And then there’s the last official business branch, called 龙 Capital, which operates as the blind trust and hedge fund within the family office.
In short I moved or am in the process to transition to a management style and corporate structure successfully introduced by Richard Branson where I’ll be the wild, creative risk taker, capitalist and entrepreneur while other more experienced managers handle the day-to-day management side of things.
So while I always strove for that coveted CEO position, today I know that I am better off as an éminence grise, the boards emcee and chief visionary or as I like to put it as an investment entrepreneur, philanthropist and adventurer.
This new level of authenticity will benefit all my businesses and my mental health.
But my new activity area, as you might have already guessed given the use of the word philanthropist, doesn’t end here as I’ll also dedicate a good amount of my time to my two foundations, the Wunsch Foundation and the Libertarian Word Citizens.
The latter is my ultimate life goal for which I am fighting: A united, better and more libertarian world. A world free of nation states and federal authorities and governments (except maybe an extremely limited global one in the form of the UN).
Further non-business adjustments included getting rid of all the clutter and trappings of success moving a whole lot closer to the Rockefeller principle of owning nothing but controlling everything while turning almost everything again into a business.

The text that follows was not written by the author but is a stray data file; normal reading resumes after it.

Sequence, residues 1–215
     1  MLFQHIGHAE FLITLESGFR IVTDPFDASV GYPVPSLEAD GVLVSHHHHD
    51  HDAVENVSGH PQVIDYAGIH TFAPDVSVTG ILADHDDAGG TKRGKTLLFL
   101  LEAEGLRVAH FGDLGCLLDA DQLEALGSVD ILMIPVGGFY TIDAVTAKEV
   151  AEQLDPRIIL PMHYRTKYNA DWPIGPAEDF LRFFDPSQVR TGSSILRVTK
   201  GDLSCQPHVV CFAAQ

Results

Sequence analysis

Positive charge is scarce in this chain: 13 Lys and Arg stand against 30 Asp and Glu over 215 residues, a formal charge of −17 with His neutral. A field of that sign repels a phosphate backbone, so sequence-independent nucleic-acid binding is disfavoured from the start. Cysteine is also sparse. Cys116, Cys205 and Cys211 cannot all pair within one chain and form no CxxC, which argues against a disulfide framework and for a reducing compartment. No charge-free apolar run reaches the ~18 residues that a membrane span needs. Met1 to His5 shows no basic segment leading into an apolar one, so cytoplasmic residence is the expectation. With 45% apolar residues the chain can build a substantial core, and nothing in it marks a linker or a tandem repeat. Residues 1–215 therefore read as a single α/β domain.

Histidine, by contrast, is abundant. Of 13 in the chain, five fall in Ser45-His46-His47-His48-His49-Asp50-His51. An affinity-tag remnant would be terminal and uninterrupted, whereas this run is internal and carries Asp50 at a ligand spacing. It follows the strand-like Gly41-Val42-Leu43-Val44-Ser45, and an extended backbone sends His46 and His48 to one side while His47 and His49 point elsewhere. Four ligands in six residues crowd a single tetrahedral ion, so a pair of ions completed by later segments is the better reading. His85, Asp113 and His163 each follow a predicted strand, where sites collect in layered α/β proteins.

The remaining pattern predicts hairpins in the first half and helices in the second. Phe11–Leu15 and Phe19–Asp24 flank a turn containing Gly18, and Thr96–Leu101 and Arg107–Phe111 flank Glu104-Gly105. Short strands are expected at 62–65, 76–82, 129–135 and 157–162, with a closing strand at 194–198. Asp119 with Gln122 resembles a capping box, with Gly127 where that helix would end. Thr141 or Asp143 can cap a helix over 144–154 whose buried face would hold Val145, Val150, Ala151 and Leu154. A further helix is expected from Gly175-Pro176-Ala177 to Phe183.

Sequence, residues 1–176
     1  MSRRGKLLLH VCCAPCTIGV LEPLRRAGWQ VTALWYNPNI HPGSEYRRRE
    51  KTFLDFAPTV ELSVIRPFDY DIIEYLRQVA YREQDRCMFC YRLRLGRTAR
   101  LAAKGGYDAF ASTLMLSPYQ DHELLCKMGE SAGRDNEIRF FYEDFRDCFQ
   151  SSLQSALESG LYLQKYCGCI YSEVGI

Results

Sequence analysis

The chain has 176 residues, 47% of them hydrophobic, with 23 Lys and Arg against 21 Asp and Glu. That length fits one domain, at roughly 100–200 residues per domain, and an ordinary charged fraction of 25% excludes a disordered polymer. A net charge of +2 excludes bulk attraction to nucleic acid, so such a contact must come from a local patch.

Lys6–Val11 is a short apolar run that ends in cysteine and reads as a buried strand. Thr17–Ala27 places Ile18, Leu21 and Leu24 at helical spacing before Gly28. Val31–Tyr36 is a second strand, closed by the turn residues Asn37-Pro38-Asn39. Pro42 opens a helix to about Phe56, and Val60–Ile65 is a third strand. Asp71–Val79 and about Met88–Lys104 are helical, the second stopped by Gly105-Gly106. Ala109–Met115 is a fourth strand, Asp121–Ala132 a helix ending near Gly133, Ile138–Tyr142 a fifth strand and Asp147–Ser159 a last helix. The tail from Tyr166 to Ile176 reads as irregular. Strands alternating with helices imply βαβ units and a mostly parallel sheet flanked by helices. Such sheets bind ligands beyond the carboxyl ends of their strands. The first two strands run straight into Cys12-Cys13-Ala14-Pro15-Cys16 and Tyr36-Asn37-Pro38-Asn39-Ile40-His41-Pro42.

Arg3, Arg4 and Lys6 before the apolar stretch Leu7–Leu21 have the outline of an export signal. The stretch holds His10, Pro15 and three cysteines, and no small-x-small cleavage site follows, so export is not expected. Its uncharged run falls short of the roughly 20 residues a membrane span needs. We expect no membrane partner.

For that reason I have launched the Savoir Group (part of Wunsch & Partner) which also satisfies the needs of many other UNHWIs who think the same way. This said I transferred all three of my homes, NYC, Singapore and Montreux, to the Savoir Group and finally became a liveaboard.
A dream come true.
A 59.8meter, 499 gross tons sailing yacht well-enough equipped to serve as floating office and true home. Indeed, it’s the only asset — aside from my businesses — which I still own (well admittedly through some complex legal, asset protection schemes) .
The yacht is just the right size, thus neither too small nor too big and more importantly shallow draft to truly explore this beautiful planet visiting all the anchorages other superyachts can’t get to.
And against loneliness, well there’s always a cool crew of nine around me now :-D.